Defective sister-chromatid cohesion, aneuploidy and cancer predisposition in a mouse model of type II Rothmund-Thomson syndrome.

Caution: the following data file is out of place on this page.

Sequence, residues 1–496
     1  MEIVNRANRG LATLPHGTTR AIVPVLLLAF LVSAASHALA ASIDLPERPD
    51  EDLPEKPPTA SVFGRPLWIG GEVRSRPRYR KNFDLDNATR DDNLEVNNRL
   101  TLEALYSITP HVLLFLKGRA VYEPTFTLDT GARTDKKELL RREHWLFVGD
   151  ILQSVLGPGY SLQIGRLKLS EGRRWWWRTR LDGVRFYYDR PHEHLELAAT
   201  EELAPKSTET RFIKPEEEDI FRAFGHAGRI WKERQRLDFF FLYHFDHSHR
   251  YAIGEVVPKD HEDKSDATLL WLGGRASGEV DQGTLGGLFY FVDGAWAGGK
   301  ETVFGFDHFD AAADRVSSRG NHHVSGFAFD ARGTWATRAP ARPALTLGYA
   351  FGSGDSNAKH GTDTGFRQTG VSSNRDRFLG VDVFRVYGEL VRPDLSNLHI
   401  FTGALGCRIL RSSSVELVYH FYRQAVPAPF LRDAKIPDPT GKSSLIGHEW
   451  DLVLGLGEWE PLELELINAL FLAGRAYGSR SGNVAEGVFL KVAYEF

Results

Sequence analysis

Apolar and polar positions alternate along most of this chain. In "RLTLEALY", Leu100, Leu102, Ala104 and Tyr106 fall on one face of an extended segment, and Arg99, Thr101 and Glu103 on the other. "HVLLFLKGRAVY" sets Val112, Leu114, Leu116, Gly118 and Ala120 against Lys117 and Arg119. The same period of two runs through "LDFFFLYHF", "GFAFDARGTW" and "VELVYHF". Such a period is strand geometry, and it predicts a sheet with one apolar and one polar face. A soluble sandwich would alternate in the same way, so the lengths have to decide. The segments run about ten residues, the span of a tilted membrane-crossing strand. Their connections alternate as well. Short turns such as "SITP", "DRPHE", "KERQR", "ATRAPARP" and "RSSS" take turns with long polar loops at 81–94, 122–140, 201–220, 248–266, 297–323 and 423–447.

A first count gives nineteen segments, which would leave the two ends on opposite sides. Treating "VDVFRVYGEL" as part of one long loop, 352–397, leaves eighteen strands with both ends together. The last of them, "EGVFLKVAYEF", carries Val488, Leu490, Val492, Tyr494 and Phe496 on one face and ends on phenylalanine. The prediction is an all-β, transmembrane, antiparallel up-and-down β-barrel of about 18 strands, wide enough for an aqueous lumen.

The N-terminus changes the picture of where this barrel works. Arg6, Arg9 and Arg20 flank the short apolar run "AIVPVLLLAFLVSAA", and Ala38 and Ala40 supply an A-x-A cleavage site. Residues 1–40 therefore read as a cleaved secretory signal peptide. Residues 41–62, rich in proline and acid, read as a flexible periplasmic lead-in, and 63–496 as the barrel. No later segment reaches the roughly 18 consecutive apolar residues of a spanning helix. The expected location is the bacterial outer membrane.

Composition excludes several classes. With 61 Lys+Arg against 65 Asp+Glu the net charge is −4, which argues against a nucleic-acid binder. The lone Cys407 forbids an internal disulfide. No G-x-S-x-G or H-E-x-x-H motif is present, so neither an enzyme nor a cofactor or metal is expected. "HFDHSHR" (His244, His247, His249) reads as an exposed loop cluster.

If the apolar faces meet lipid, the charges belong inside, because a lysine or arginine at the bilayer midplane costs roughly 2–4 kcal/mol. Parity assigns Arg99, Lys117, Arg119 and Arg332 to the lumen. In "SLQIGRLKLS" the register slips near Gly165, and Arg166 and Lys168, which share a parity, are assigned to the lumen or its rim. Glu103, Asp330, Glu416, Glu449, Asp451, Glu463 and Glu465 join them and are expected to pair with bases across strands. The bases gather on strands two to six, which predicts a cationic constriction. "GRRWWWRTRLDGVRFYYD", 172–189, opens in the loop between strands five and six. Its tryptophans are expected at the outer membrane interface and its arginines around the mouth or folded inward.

Type II Rothmund-Thomson syndrome (Type II RTS) is a rare autosomal recessive genetic disorder characterized by a congenital skin rash, birth defects of the skeleton, genomic instability and cancer predisposition. It is caused by mutations in the RECQL4 gene and thus represents one of the three cancer-prone genetic diseases that are caused by mutations in a RecQ helicase-encoding gene. Genomic instability has been suspected as a major underlying cause of this disease, and analyses of Type II RTS patient-derived cells demonstrate unusually high frequencies of chromosomal aberrations, suggesting the involvement of chromosomal instability. However, the nature of the instability induced by RECQL4 mutations has not been clearly defined. We created a viable Recql4 mutant mouse model. These mice exhibit a distinctive skin abnormality, birth defects of the skeletal system, genomic instability and increased cancer susceptibility in a sensitized genetic background. Thus, they provide a useful model for studying Type II RTS. In addition, we demonstrate that cells from these mutant mice have high frequencies of premature centromere separation and aneuploidy. Thus, our observations provide evidence for a previously unsuspected role for Recql4 in sister-chromatid cohesion, and suggest that the chromosomal instability may be the underlying cause of cancer predisposition and birth defects in these mutant mice.
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